Harry Potter and the Order of the Phoenix" took in $140 million domestically and an additional $190 million from foreign theaters in the first five days of release. Author J.K. Rowling called it the best yet, when referring to the film adaptation of part five of her seven-part literary phenomenon. She might be a bit biased, but in the case of "Order of the Phoenix," she just may be right.

Along with J.R.R. Tolkien, J.K. Rowling has accomplished something in the last 20 years that no other authors have been able to do, get America's youth to read for entertainment. With the Lord of the Rings trilogy and even more so with the Harry Potter series, youth of all nationalities and social groups are reading along.

The film adaptations have certainly had a major impact in inspiring loyalty from today's adolescents. Make no mistake though; the films are in a different category than the books when it comes to audience.

The books have all been geared for anyone pre-teen through adult. The film adaptations have increasingly become darker and geared more toward the young adult crowd.

"Order of the Phoenix" has themes and scenes that could cause unsuspecting adults to have a nightmare or two let alone young children. Part five in the film's series certainly lives up to its PG-13 rating.

As one might expect, the returning cast members all perform extremely well this time out. Finally, Draco Malfoy's character has been written effectively. Not since the first film do we see his truly duplicitous nature come through. They could have given a little screen time to his relationship to his father, the Death Eater Lucius.

Imelda Staunton is perfect as the new Defense Against the Dark Arts teacher Dolores Umbridge. Staunton's Umbridge is someone that audiences will love to hate. Helena Bonham Carter is simply fantastic as the Death Eater Bellatrix Lestrange. The Rowling books describe Bellatrix as having mad eyes and a fanatical glow about her face, a sadist with a fierce and dangerous temper. Carter plays her to the hilt, kind of like a twisted goth princess.

As characters and plot lines become more complex as the series unfolds, it becomes necessary to delete situations and circumstances from the books just for the sake of time when adapting to film. Either that or directors would have to follow Peter Jackson's lead and make each film three-part epics themselves as he did with Lord of the Rings.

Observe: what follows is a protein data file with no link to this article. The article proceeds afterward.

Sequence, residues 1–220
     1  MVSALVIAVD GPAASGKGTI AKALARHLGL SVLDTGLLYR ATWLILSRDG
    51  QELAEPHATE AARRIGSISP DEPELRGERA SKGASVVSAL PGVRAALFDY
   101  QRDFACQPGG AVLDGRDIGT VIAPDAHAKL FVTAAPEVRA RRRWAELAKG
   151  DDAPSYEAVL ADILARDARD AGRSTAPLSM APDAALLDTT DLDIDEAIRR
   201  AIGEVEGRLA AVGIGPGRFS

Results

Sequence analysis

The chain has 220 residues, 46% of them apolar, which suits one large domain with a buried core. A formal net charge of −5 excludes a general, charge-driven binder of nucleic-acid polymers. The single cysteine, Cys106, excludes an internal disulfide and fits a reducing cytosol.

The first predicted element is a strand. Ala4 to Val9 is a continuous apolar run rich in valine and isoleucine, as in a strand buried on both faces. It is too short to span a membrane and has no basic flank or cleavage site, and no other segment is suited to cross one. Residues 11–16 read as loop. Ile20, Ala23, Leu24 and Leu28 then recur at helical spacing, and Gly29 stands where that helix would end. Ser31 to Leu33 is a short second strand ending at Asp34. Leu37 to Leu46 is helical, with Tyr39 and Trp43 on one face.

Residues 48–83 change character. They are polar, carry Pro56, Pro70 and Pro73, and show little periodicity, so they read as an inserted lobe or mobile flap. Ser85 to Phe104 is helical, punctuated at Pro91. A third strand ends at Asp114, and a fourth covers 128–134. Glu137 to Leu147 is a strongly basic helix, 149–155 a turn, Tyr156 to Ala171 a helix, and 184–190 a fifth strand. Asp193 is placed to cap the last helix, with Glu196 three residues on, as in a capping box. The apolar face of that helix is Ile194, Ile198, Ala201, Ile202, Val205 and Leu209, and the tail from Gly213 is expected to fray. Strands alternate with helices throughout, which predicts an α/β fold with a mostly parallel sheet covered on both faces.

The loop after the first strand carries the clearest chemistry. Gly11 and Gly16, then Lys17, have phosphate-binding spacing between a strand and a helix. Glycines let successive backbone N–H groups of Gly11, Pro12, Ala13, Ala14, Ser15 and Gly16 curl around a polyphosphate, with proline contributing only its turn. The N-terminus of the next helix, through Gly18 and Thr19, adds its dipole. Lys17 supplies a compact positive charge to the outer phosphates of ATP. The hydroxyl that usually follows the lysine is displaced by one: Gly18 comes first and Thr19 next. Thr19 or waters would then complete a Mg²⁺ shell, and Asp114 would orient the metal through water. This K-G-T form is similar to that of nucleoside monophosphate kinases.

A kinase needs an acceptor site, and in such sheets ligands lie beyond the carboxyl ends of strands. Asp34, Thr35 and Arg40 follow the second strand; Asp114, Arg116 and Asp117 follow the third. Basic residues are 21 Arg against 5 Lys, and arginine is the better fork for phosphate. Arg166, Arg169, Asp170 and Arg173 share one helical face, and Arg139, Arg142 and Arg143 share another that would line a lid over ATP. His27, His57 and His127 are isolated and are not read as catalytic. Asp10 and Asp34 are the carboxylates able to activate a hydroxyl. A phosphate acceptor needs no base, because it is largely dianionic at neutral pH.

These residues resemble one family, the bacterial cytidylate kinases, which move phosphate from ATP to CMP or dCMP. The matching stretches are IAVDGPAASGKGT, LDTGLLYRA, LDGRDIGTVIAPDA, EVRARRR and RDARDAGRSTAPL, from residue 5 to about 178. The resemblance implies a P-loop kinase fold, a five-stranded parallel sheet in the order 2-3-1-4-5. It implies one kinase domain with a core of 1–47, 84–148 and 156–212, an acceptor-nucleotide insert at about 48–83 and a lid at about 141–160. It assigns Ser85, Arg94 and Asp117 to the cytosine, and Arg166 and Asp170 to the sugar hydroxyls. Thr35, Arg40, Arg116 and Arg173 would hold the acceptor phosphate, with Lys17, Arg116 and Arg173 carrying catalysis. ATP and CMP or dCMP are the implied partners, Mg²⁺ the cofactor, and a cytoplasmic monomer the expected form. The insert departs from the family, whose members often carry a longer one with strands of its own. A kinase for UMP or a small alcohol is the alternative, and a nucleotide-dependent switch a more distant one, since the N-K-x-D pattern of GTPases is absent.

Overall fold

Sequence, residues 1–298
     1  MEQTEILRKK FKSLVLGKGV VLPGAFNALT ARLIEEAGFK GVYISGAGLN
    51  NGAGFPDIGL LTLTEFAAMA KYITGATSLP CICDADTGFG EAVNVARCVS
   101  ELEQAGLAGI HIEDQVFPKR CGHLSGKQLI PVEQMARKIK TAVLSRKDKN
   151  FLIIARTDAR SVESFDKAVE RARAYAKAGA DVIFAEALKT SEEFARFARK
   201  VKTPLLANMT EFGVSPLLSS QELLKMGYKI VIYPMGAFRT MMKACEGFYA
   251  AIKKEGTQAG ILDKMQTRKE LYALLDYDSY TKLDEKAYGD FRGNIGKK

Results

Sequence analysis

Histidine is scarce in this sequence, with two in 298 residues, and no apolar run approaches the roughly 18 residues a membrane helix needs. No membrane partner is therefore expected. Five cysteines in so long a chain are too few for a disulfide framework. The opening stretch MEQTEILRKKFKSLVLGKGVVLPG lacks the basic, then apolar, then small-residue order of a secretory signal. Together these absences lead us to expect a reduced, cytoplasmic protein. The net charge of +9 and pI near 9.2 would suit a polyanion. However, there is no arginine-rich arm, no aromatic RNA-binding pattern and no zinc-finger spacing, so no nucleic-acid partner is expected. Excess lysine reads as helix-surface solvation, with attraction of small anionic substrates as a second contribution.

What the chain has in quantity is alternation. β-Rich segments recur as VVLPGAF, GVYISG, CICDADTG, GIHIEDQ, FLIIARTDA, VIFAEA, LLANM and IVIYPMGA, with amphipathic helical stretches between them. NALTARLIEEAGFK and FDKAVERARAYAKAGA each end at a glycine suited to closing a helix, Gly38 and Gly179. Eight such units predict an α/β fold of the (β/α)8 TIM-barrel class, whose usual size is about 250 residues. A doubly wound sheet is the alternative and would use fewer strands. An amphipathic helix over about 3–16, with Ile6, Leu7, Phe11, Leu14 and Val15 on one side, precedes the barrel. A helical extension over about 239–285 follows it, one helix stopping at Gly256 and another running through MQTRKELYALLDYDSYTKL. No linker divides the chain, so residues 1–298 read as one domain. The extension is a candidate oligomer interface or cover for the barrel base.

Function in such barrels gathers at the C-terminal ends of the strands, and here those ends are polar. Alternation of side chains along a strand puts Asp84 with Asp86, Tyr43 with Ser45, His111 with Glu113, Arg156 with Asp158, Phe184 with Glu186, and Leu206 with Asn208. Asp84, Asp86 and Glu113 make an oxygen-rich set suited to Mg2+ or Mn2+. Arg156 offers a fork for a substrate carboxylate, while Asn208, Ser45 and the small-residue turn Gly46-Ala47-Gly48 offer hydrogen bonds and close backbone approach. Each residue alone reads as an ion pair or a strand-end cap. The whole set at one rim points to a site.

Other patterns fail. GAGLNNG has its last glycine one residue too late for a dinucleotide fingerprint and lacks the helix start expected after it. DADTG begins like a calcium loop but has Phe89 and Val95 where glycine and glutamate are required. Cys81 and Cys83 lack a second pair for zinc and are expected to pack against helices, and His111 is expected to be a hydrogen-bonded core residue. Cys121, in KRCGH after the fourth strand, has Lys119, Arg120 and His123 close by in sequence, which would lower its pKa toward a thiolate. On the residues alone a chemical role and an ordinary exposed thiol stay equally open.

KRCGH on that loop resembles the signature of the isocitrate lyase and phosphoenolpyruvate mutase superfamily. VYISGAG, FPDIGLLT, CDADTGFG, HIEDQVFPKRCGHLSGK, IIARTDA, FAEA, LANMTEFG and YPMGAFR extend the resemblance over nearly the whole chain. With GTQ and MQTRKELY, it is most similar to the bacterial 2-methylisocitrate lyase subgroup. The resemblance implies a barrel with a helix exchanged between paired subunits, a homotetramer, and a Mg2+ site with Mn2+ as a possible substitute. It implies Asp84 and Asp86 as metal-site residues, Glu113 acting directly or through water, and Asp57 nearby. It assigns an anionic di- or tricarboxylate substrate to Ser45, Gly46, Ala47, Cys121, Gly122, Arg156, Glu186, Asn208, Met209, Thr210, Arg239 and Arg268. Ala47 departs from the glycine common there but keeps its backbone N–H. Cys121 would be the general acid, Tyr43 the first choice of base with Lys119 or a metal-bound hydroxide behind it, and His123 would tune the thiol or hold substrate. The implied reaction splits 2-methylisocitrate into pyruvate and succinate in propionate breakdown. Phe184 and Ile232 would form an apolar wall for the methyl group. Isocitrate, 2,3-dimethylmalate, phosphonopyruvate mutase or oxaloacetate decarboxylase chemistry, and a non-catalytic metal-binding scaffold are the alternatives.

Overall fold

One glaring miscue is the depiction of Neville Longbottom's evolution and family history. Book five was Neville's time to shine. In parts one through four, Neville has been kind of a social outcast who often spends a lot of time isolated from others. In book five, readers learn how important his parents, Frank and Alice Longbottom were as original members of the Order of the Phoenix and how they were driven insane by the like of Bellatrix Lestrange.

Neville vows to avenge his parents. In the film version, this is given no real time at all other than Neville blankly looking at the photograph of the original members of the Order or his wand action in the battle. Mere seconds accorded to a key point in the book.

Harry Potter is a phenomenon that the likes of which have not been seen before. At 12:01 a.m. Saturday, final book in the series will be released to worldwide fanfare.

While the release of the new book might help sell movie tickets, It's not necessary to further hype the film. "Harry Potter and the Order of the Phoenix" stands well on its own as one of the better films in the series.

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John Malgesini is a teacher at Umatilla High School.

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